In situations where the teeth overlap to such a degree that the edges of the lower front teeth actually bite into the hard palate, orthodontists recommend the bite plate appliance.This is a removable device that looks like a conventional retainer in most cases. A bite plate appliance is worn full-time (except when eating and brushing) for six months to a year.
Correcting a deep bite as early as possible will favorably affect long-term stability and eliminate unnecessary pain, discomfort, ulcers, etc. When growth is modified while a person is still growing, the change becomes more permanent. One of the first things to relapse in a finished orthodontic case is the overbite. Thus, correcting a severe overbite is one of the first important corrections that needs to be made while growth is still occurring.
Bite turbos are small acrylic pads typically bonded to the upper front teeth. They are used to correct excessive deepbites and overbites, and can lessen the amount of time spent in braces.
After bite turbos are placed, you will notice that the back teeth do not meet properly when chewing. This is temporary. Eating soft foods like mashed potatoes or macaroni and cheese will help you adjust to your new bite. Your tongue may be irritated the first three to five days. You may also have difficulty speaking, eating and swallowing. This should improve within a week or two.
Be sure to brush between the turbos and the gums. Although it is not likely that a bite turbo will come off, if it does, it's no problem. If you happen to lose them, give us a call, so we can replace them if needed.
The bite turbos will be removed when the desired correction is achieved.
Attached to the upper molars through bonding or by cemented bands, the Bonded Maxillary Expander is an orthodontic device used to create a wider space in the upper jaw. It is typically used when the upper jaw is too narrow for the lower jaw or when the upper teeth are crowded or blocked out of the dental arch.
When patients are still growing, their connective tissue between the left and right halves of their upper jaw is very responsive to expansion. By simply activating the expander through turning a screw in the center, with a special key we provide, gradual outward pressure is placed on the left and right halves of the upper jaw. This pressure causes an increased amount of bone to grow between the right and left halves of the jaw, ultimately resulting in an increased width.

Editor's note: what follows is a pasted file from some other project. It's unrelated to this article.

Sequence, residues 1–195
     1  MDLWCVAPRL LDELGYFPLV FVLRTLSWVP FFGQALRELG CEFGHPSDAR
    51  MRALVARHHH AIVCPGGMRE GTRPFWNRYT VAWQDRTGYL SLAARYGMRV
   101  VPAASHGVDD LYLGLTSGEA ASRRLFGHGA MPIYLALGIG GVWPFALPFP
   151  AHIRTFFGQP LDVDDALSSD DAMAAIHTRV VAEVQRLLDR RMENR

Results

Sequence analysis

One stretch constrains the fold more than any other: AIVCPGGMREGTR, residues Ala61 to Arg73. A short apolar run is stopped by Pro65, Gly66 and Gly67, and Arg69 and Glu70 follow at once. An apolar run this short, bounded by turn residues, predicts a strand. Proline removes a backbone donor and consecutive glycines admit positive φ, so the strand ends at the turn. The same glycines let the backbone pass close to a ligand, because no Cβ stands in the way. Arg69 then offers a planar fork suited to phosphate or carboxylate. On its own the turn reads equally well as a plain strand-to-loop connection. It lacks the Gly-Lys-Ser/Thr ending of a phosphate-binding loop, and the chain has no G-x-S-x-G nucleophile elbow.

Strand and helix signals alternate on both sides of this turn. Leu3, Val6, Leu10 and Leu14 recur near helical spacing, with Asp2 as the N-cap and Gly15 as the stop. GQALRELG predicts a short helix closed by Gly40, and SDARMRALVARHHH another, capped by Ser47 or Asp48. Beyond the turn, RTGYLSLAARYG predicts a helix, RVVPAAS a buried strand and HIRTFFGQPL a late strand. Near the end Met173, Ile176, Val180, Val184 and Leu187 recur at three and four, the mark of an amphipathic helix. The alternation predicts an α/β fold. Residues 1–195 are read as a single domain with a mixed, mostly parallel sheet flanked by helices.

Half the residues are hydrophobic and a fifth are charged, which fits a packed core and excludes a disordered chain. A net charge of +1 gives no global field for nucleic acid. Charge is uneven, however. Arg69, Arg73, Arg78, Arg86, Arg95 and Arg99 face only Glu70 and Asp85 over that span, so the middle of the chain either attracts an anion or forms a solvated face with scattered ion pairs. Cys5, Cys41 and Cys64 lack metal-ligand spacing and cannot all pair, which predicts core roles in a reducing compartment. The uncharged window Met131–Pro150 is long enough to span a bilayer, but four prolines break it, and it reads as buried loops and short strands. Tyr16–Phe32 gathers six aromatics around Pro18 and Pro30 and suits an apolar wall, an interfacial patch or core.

The Cetlin appliance works in conjunction with headgear to create space when there is not enough room for the upper permanent teeth to erupt. This removable appliance helps to push the upper molars back.
The Cetlin must be worn 24 hours day in order for it to be effective. You can remove the appliance to eat or drink, but must place it back in your mouth afterward. Proper wear is essential.
Each day, always examine the appliance to make sure the back wires are in front of the molar bands. The wires help the headgear to push the molars back.
Your teeth may be sore for the first few days of wear. Initially, speaking may be difficult, but the more you talk with the appliance in, the quicker speaking will become normal again. Increased saliva the first few days is also normal.
Be sure to brush your appliance each day. You can also soak it in denture cleaner a few times a week. Immediately after brushing, put the appliance back in your mouth.
Heat can warp the Cetlin appliance. Do not attempt to clean the appliance by placing it in hot water or in the microwave. Do not leave it near an oven or in the car.
When you are not wearing your appliance, be sure to keep it in your case.
Clear removable appliances can be used to effectively straighten your teeth without metal wires or brackets. They are customized for your bite using 3-D computer imaging technology. Each set of removable appliances is worn for 2 weeks. You should only remove them to eat, drink, brush or floss. As you replace each set of clear aligners with the next set in the series, you'll notice your teeth gradually move, week by week, until the desired correction is achieved. You'll visit the office every 6 weeks to ensure your treatment is progressing as planned.
Accurate placement of brackets is a significant factor in successful orthodontic treatment. Using direct bonding, each bracket is cemented to teeth one at a time. During the procedure, the orthodontist uses tweezers or other hand instruments to accurately position a bracket on a tooth. Once the bracket is in its precise location, it is firmly cemented.